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  11th Jan 2010 - STAR MARITIME
 

Mixed views on shorter container storage period

PETALING JAYA: Industry players have mixed views on the reduction of free storage period for full-container load at Port Klang to three days from five that came into effect on Jan 1.

It now means that containers, regardless of whether they are for export or import, are only given three days without charge at Northport and Westports.

The idea, mooted by the Transport Ministry in 2002, had seen numerous postponements and deferments.

The last deferment was made in June last year by the Port Klang Authority (PKA) due to the global economic downturn.

However, for the implementation this year, PKA had taken into consideration some of the concerns raised by the port users.

For example, it has directed the two terminals to calculate the free storage period based on hours (72) instead of days, and to waive the storage charges if delays are caused by Customs, other government agencies, or the terminals themselves.

The terminals were also told to maintain the five-day free storage period until Dec 31 for shipments from Asean ports.

MultiCargo Express Sdn Bhd chief operating officer Robin Hoh said the reduction in the free storage period was good as it would enable Port Klang to function more efficiently.

“This has been practised in most European countries for quite some time now whereas certain countries only give consignees a day to clear their cargo,” he told StarBiz. “Also, the turnover will be faster, thus profiting not only the carriers, but the ports and depots as well.”

“But, if we want this implementation to be successful, all related bodies for the clearance and delivery of cargo must be more focused and committed,” Hoh added.

On the expected challenges of the new ruling, he said that on festive holidays, all departments and authorities from the points of entry to exit must be highly efficient to run things smoothly.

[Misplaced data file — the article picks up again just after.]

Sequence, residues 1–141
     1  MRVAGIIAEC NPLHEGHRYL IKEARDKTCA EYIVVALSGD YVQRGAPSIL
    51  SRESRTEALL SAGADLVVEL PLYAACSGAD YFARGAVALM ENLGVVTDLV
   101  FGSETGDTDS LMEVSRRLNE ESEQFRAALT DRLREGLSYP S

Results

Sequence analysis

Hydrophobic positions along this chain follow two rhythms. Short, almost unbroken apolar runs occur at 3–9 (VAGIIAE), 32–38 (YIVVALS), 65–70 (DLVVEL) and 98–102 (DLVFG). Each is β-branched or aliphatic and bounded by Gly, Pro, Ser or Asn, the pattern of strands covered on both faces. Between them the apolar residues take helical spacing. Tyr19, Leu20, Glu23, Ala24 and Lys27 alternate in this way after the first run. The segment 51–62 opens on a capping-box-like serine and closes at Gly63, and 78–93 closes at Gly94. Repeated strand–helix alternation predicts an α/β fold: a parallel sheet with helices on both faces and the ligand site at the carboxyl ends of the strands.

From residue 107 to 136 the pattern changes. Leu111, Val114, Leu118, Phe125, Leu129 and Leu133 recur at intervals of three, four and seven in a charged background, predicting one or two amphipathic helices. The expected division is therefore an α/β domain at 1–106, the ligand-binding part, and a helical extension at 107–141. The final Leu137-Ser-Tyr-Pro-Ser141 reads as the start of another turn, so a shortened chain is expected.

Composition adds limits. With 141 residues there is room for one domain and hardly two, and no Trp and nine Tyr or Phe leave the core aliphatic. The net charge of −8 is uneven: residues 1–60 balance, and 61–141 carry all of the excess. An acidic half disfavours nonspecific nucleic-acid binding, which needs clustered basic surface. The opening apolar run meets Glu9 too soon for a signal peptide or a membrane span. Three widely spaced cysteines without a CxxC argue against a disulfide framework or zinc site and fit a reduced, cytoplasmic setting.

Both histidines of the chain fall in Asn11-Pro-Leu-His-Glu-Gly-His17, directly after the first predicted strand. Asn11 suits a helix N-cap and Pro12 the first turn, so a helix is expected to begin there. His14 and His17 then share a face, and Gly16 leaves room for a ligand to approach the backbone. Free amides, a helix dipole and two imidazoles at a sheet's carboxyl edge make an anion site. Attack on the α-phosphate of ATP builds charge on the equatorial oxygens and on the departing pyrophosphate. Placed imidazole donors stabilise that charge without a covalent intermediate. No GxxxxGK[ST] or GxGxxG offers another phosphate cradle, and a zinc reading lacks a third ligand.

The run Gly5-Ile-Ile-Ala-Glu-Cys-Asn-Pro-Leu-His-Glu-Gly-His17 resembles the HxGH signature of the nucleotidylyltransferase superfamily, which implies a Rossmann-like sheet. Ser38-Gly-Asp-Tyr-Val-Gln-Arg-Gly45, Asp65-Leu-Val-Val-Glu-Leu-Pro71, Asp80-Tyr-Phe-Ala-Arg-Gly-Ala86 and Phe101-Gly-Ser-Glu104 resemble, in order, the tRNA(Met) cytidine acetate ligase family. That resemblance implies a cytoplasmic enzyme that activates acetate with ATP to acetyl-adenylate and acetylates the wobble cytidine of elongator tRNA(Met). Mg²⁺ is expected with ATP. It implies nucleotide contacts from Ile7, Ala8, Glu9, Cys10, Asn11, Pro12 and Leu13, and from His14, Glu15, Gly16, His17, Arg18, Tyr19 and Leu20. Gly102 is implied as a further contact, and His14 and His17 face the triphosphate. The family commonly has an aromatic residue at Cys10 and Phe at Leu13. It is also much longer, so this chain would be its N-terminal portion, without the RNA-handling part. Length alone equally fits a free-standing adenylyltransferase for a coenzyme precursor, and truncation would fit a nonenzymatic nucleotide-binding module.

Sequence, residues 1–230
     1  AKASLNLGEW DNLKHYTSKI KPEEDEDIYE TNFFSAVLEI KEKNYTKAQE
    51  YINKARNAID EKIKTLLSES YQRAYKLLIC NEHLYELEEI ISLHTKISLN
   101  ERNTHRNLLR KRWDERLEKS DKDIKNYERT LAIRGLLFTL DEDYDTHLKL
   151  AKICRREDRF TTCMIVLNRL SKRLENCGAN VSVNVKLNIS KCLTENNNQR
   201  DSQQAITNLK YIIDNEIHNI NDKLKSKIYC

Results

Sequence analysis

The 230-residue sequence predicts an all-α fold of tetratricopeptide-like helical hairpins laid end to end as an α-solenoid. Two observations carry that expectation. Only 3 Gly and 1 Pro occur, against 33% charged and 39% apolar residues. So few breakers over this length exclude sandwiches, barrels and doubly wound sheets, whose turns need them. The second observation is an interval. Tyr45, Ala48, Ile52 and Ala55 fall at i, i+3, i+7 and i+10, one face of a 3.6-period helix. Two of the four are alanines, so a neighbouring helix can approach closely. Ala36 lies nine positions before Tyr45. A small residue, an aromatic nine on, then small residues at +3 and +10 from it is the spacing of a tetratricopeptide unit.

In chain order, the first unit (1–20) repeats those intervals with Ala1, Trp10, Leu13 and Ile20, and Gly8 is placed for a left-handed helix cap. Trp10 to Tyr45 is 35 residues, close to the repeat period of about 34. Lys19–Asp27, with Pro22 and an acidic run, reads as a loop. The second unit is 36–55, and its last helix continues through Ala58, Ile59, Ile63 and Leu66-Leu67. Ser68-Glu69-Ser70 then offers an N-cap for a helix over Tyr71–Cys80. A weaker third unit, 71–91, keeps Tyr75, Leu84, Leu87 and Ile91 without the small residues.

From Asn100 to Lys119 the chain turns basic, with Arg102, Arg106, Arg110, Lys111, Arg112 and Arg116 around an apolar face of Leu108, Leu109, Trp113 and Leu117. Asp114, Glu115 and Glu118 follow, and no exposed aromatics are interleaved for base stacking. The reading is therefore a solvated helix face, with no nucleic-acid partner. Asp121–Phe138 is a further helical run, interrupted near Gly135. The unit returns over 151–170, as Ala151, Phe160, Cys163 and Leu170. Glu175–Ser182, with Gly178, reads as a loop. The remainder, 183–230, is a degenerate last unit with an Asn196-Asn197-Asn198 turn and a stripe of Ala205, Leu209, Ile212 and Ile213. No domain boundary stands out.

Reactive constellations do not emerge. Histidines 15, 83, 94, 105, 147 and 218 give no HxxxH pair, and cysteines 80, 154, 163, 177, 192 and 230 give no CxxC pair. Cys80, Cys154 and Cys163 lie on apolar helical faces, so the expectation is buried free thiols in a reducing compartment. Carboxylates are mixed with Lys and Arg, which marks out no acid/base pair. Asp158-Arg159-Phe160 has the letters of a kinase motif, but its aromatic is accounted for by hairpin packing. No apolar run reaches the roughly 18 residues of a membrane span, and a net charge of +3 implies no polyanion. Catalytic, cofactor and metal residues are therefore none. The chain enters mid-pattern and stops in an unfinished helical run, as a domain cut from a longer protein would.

“In this case, pre-submission of documents for cargo clearance should be practised,” he said.

Transways Logistics (M) Sdn Bhd president and chief executive officer Edward Chan supported the shorter free storage period but thought the timing of the implementation was wrong.

“We are still recovering from the global economic downturn. Furthermore, some types of cargo need more than three working days to be cleared.

“For example, for import cargo, before we can pay the duty, we have to calculate and confirm with our clients. And sometimes cargo needs approval from some government agencies that may take more than three days,” he said, adding that about 30% of the cargoes handled by Transways were cleared in two to three days.

Another logistics player also said the implementation at this point of time was inappropriate as it would hurt the businesses and their clients.

Meanwhile, Wilhelmsen Ships Service managing director Winston Loo said shortening the free storage time was a positive move.

“It should make the entire logistics chain more efficient. And, in doing so, would further improve Port Klang’s competitiveness in the region,” he said.

Loo also believed that sufficient time had been given to all stakeholders to re-engineer their processes to meet the new ruling.

“Thus, while we do expect some hiccups, I believe all the stakeholders will be able to overcome the shortcomings,” he said.

   
 

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